“I’m excited that everybody took the time to put their heads together. Another couple of takeaways for me is that it’s all about winning and finishing the best that you can. It doesn’t matter if it’s the Duels, or what it is, there’s incentive to go out there an perform. As a competitor, it’s tough to say that’s going to change much of what I do. But, I know there will be opportunities where that point matters for someone. We’re at 100 percent in those cars, and then we try to articulate that all the time. Some get it and some don’t. It might take people from being at that 100 percent mark to making them a little bit more desperate in given situations, and create more storylines. So, I feel that there has been a lot of time and effort and serious thought put into this and it touches a lot of areas that needed to be addressed in our sport right now and the way things are evolving.”(Chevy PR)(1-25-2017)

Possible sponsorship issues for Patrick, Stewart-Haas: Danica Patrick wore an all-white Tax Act uniform to NASCAR’s preseason media event, raising eyebrows about her sponsorship situation. Patrick and Stewart-Haas Racing last year signed a deal with Nature’s Bakery as Patrick’s primary sponsor. The company founded in 2010 by the father-and-son duo of Dave and Sam Marson was new to NASCAR last season and was scheduled to sponsor more than 20 races this year. SHR told The Associated Press on Tuesday that conversations with Nature’s Bakery are ongoing. “Nature’s Bakery and Stewart-Haas Racing are in discussions about how the sponsorship might look in 2017. Both sides have options, and it’s a matter of determining what is best for both parties,” the team told AP. SHR stressed it is moving forward with a full season for Patrick and its other three entries. Nature’s Bakery is one of the smallest primary sponsors in NASCAR, with fewer than 500 employees in the United States. The company’s products are sold in all 50 states and 22 countries.(Associated Press)(1-24-2017)

Road course race at Charlotte: Could a road course race be in Charlotte Motor Speedway’s future? Last Friday, AJ Allmendinger tested on what was roughly a 2.3-mile circuit similar to Daytona International Speedway that incorporates both the infield in Turns 1 and 2 and the regular 1.5-mile oval according to multiple sources. The test was a collaboration between Charlotte Motor Speedway and NASCAR. Sources said Charlotte could incorporate the road course as early as the All-Star Race, which is scheduled for May 20. It’s more likely the road course would be used for the fall Chase race on Oct. 7. Fans have been clamoring for a road course in NASCAR’s playoffs and Charlotte could offer the perfect solution. Certainly, if the Charlotte plan comes to fruition, transitioning to a road course could be an option at other facilities. Indianapolis Motor Speedway and Kansas Speedway, for instance, already feature road courses as part of their landscape.(Motorsport)(1-20-2017)

UPDATE: A.J. Allmendinger was asked about the test during Tuesday’s media events:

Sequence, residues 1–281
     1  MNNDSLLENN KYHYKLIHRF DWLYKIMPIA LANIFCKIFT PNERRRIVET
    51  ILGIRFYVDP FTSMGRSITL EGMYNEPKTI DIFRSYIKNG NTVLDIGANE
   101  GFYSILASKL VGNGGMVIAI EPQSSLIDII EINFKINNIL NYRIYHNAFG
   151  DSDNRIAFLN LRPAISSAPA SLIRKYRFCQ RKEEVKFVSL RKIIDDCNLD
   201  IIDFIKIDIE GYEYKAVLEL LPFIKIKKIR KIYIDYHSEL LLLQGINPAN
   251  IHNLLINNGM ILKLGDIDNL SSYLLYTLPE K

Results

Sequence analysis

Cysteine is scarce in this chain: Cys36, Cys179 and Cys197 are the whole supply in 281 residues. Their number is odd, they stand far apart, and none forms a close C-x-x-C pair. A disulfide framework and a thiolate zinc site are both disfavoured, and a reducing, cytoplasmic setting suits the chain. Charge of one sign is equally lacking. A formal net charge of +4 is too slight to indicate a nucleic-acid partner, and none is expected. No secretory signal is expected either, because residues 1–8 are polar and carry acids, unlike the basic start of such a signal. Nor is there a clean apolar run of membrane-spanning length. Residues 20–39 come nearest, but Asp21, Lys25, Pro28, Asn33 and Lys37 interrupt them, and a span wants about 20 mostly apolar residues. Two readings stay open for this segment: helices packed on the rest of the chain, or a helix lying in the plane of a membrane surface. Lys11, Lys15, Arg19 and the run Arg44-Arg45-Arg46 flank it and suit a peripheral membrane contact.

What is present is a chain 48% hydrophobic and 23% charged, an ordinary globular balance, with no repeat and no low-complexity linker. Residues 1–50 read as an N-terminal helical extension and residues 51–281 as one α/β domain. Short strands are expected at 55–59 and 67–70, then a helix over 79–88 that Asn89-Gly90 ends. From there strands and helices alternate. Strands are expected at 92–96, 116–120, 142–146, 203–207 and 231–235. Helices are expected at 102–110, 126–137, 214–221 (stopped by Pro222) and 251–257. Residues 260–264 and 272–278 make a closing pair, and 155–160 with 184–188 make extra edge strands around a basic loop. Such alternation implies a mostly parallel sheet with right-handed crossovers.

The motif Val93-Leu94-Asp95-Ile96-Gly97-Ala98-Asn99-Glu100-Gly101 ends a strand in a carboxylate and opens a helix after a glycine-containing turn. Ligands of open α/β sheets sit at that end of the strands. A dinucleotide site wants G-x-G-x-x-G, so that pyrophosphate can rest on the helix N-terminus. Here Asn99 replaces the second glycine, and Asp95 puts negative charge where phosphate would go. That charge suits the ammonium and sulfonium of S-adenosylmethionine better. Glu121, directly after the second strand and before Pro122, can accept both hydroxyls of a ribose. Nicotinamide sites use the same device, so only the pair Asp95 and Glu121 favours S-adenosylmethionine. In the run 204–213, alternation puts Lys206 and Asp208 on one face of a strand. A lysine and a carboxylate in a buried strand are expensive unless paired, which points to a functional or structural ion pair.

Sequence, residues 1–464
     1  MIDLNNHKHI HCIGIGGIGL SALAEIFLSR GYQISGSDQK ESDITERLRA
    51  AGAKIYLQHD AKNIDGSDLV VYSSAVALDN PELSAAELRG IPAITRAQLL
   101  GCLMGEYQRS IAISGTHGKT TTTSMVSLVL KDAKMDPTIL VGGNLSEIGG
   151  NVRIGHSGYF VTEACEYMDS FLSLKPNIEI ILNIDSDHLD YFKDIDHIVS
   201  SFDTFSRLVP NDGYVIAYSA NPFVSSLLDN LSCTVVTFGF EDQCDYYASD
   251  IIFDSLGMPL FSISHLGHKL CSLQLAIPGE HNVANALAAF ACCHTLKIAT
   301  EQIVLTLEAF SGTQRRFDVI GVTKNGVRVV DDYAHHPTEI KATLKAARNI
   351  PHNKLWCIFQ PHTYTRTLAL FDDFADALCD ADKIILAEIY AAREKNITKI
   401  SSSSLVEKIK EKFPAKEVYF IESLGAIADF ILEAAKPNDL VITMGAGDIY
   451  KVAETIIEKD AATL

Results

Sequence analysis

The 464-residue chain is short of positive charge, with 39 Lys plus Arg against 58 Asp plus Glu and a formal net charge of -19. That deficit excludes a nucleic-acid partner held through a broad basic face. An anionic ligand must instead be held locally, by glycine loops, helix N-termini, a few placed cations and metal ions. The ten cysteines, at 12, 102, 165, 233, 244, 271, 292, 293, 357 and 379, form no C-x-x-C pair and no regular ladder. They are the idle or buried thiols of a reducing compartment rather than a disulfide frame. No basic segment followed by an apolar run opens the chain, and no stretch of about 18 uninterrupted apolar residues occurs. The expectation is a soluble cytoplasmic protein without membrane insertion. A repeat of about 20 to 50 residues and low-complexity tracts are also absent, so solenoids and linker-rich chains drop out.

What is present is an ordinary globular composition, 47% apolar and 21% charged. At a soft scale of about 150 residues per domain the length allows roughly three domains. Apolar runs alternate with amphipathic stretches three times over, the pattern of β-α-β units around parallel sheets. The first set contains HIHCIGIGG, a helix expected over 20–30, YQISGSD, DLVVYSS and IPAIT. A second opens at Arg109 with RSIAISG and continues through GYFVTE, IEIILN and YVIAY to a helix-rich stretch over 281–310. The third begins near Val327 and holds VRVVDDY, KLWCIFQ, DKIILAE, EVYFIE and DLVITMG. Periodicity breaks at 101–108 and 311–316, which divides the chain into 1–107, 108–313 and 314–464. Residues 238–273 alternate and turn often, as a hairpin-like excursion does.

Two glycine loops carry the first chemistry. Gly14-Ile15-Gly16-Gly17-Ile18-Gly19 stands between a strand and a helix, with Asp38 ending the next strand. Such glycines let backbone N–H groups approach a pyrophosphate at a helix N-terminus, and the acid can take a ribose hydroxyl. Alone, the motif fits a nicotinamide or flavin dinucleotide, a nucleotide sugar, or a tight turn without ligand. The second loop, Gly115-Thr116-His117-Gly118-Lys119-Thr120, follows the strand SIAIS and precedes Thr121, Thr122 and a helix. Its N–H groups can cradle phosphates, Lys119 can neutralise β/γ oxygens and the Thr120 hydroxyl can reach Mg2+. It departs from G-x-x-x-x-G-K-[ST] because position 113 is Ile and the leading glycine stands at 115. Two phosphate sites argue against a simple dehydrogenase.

“Here’s the deal… I don’t know what’s going to happen. I thought it was a lot of fun and I enjoyed it. You can bring something new to the schedule and something new if it was done. I’m all for it. I’m probably biased toward that. It’s kind of like the new format. Change can be good and it can be a little scary. We have to see how it plays out. But could it be successful? I think it would be a fantastic race and something the fans could truly enjoy.”(Chevy PR)(1-24-2017)

Segments should allow fans to see more green flag racing on TV: The NASCAR industry introduced major enhancements for its race format and points structure Monday, setting in motion a wave of new looks and incentives for 2017. But the collaboration also provided the opportunity for incentives for tuned-in fans — more logical breaks for commercials during race telecasts. Monday’s announcement made strides toward achieving that, launching the product of months of cooperation among drivers, tracks, the sanctioning body and TV broadcast partners. Based on the spirit of conversation from the group assembled on stage at the Charlotte Convention Center, the contingents from FOX and NBC Sports had much more than a nominal seat at the table.

“Well, you can never guarantee anything, but I can say that sitting in the room all along the way with us were our two TV partners, and that was one of the core things we looked at,” said Steve O’Donnell, NASCAR executive vice president and chief racing development officer. “We listened to the fans and we see the fans, as well, that we don’t like breaking away from live action. Can we eliminate that totally? Probably not. But this format allowed us to do that. That’s why we put in two breaks.”

The new race format, which involves splitting races into three segments, now provides a natural interlude in the action after each of the opening two stages. Both Jeff Burton (NBC Sports) and Jeff Gordon (FOX Sports) — two racers-turned-analysts — said that broadcasters intend to use these intermissions to potentially interview stage winners and to take commercial breaks with minimal interruptions of pit stops or other crucial moments.

“I can promise you, I’m in my second year of doing this, there’s a tremendous amount of effort by the networks to bring as much racing as possible to the fans,” Burton said. “The fans tune in to watch the races, and finding a way to do that is difficult sometimes. This eases that a little bit. This gives a chance for us to go to a break at the right time so the fans miss as little green-flag racing as possible. There’s a tremendous amount of effort put into that.”(

NASCAR announces changes to race formats: NASCAR, in collaboration with industry stakeholders, announced today an enhanced competition format that will be implemented in all three of its national series – the Monster Energy NASCAR Cup Series, the NASCAR XFINITY Series and the NASCAR Camping World Truck Series.